If you grew up before the nineteen-nineties you probably have an experience similar to Marcia Millar’s. “I was the kid who grew up with the little portable turntable,” Marcia says. “My brothers and I would play the “Disco Duck” 45 over and over again and dance to it together.”
Marcia and her husband Jay, both in their mid-thirties, can remember when the vinyl record was king. But its days were numbered. CDs were smaller, held more music, and were supposed to be all around better in every way. But while the phonograph record ruled for almost 90 years, the reign of the compact disc has been much shorter.
Jay Millar recalls the day that, at least for him, the CD died. “Everything really just changed when the iPod came out,” Jay says. “I was living in a tiny New York apartment. I had worked for record companies for years and I had walls and walls of CDs, and I remember just kind of looking at them and thinking to myself do I want these CDs? Well, I want the artwork. I want the liner notes. The light bulb went off; these are all things that things that I like better with vinyl.”
Jay’s vinyl epiphany led him to Nashville and his current job as director of marketing for United Record Pressing, one of a handful of record manufacturers still in operation in the U.S. And his CDs, they were traded for a wall of vinyl LPs that entirely fills one end of the Millar’s living room.
“I started collecting vinyl again before I even had a working turntable,” Jay says. “I just knew that’s where I had to go.”
New vinyl LP sales increased to almost four million last year, that’s the highest since 1991. It’s still a niche market comprising a little over one percent of all album sales. But it’s been a lifesaver for many retailers, with two-thirds of all LP sales coming out the racks of traditional record stores.
At first glance it might seem this revival is being driven by nostalgia, but some of the most devoted fans are from a generation of vinyl virgins. Doyle Davis is co-owner of Grimey’s New and Pre-Loved Music, a popular Nashville record store. In the twelve years that the store has been open, 2011 was the first year that vinyl sales surpassed CDs in both new and used categories.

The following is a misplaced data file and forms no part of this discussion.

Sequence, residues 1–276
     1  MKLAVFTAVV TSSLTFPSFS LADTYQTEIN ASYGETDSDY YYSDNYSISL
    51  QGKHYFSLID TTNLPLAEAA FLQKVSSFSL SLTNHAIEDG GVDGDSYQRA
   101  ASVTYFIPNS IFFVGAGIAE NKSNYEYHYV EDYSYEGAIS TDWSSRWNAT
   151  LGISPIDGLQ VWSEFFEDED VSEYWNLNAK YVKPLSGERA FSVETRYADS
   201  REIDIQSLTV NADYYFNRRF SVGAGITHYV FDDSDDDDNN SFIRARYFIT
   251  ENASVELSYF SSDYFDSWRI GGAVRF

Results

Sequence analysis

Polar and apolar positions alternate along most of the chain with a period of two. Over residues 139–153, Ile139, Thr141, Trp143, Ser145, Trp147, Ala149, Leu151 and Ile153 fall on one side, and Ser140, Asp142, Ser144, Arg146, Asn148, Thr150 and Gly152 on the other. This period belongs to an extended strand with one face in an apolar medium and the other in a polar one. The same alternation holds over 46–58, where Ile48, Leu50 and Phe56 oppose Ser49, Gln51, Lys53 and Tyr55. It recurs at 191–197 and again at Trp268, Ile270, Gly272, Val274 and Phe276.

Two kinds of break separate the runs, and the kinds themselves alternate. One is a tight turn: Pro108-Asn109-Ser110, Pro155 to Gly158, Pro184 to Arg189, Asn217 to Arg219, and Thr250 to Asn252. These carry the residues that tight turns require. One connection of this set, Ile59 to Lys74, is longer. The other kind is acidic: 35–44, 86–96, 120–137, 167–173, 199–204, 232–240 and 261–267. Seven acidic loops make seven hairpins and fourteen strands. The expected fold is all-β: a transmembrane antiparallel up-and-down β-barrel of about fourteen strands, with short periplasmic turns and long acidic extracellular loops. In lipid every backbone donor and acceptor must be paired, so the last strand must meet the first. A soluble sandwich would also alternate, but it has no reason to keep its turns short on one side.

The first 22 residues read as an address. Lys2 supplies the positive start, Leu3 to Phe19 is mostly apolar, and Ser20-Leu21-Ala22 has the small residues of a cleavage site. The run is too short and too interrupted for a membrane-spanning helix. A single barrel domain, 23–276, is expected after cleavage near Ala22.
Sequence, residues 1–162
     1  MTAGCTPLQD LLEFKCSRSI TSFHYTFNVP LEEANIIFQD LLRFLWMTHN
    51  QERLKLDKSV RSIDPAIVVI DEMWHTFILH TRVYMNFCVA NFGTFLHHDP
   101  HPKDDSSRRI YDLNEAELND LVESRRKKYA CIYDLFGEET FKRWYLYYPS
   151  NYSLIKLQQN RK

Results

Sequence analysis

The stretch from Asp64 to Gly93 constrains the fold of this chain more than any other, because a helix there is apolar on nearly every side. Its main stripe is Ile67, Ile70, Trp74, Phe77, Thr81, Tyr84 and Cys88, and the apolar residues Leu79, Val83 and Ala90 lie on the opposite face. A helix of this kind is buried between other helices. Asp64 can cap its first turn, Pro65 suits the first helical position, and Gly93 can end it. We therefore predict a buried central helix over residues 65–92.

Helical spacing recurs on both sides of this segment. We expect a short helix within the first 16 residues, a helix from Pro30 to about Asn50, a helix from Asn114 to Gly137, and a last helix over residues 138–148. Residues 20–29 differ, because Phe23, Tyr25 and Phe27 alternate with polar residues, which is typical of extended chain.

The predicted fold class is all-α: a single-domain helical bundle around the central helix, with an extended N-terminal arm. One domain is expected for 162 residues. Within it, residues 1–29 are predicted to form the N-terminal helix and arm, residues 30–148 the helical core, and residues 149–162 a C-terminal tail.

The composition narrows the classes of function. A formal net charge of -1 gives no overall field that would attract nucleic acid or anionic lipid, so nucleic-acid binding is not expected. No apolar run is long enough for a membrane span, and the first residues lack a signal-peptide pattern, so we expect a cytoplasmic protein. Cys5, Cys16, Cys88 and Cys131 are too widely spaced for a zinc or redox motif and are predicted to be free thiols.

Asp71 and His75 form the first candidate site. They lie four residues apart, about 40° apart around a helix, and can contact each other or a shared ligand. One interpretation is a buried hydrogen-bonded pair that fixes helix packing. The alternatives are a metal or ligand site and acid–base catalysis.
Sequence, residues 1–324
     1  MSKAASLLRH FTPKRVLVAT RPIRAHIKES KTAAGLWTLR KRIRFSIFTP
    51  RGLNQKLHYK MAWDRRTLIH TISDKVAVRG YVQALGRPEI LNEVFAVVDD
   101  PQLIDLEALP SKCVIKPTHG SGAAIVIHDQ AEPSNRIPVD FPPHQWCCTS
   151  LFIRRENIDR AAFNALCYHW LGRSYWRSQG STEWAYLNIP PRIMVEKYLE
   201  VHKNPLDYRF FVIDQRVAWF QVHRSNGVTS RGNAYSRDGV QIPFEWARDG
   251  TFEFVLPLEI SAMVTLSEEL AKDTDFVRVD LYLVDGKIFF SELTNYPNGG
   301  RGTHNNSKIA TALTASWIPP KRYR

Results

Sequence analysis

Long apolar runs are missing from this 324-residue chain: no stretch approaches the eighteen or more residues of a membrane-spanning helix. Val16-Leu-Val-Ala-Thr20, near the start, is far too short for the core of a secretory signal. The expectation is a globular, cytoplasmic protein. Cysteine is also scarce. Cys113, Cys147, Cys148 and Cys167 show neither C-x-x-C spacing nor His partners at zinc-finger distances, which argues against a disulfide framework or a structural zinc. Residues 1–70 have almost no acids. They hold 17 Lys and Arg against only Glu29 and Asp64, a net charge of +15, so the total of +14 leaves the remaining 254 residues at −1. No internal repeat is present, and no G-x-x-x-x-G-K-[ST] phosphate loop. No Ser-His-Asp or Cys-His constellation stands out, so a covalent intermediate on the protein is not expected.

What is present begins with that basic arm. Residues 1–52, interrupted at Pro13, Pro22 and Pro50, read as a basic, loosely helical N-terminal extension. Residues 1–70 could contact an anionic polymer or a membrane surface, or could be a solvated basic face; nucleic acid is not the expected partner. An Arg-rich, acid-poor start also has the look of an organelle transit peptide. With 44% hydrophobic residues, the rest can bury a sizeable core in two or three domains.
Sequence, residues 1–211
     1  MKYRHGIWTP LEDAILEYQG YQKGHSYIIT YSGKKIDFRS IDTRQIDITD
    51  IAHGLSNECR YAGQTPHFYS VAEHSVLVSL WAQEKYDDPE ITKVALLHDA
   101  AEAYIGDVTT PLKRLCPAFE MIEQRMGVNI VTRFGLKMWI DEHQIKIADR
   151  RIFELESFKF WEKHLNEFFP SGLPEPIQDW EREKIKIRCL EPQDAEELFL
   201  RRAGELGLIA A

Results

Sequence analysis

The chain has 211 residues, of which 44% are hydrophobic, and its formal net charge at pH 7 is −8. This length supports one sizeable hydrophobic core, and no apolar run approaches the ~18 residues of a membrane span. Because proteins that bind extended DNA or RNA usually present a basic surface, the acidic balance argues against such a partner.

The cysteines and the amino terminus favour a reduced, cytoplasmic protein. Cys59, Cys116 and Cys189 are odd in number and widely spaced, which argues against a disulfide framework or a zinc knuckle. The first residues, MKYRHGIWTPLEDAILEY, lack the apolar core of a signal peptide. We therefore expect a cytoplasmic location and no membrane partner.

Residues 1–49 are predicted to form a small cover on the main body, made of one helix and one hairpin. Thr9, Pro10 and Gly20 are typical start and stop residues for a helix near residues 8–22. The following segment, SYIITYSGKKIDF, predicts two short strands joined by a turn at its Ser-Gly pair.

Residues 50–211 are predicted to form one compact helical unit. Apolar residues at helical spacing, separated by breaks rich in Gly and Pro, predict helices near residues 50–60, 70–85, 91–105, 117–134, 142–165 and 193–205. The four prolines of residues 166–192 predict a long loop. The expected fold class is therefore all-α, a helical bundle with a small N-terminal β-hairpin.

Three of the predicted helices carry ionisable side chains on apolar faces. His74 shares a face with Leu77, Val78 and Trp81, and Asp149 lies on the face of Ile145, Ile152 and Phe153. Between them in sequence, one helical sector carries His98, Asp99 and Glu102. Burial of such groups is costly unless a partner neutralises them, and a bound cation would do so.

While there are no current studies on the ages of vinyl consumers, Davis believes younger buyers are primarily driving the boom. “These kids love music and they’re discovering a format that is bringing them value,” Davis says. “They’re young enough that their parents didn’t even have record players. They grew up in homes with CDs. This is a new experience for a lot of them. They’re not just digging dad’s old turntable out of the basement and finding some of mom’s old LPs, they’re having this experience at a friend’s house.”
At 25, Lance Conzett is a member of that “CD Generation,” and for him, familiarity has bred contempt. “The CD is such a disposable thing,” Conzett says. “I’ve opened CD cases in my modest CD collection as it stands now, and they’re empty and I have no idea where that CD went and I will never find it again. But a record is so much more tangible and it takes up more space, the art’s bigger – it’s part music and part art piece.”
Record companies are tricking out the LP, offering glow-in-the-dark vinyl, reverse grooves that play from the inside out, album covers that fold into origami sculptures and many more expression of the LP as art. They are also inserting access codes so buyers can download music, videos, interviews and other special content – making the vinyl packaging a physical key that unlocks a world of options.
However, Conzett’s love of vinyl, and disdain for CDs doesn’t mean that he rejects digital music. It’s just one part of the complete package. “When I’m listening to digital music I’m not necessarily looking for the full picture.” Conzett says. “When I’m listening to records I’m listening to the entire album. When I’m listening digitally I might be listening to a playlist, or singles, or it might just be just be background music.”
The Groove of the Future?
It’s that difference – the often solitary experience of iPods and ear buds versus the total experiential nature of records – that may provide vinyl with lasting appeal. For a true believer like Jay Millar the future of music is already set on two parallel paths.
“At one end you have digital, the peak of convenience,” Millar says. “At the other end you have the peak of the experience which is vinyl, and realistically most people, practically everyone, will go to digital, but those people who want something tangible – they’re not going to hold on to CD, they’re going back to vinyl.”
While Millar’s prediction may be premature, for more and more music lovers there is definitely something going on in those grooves.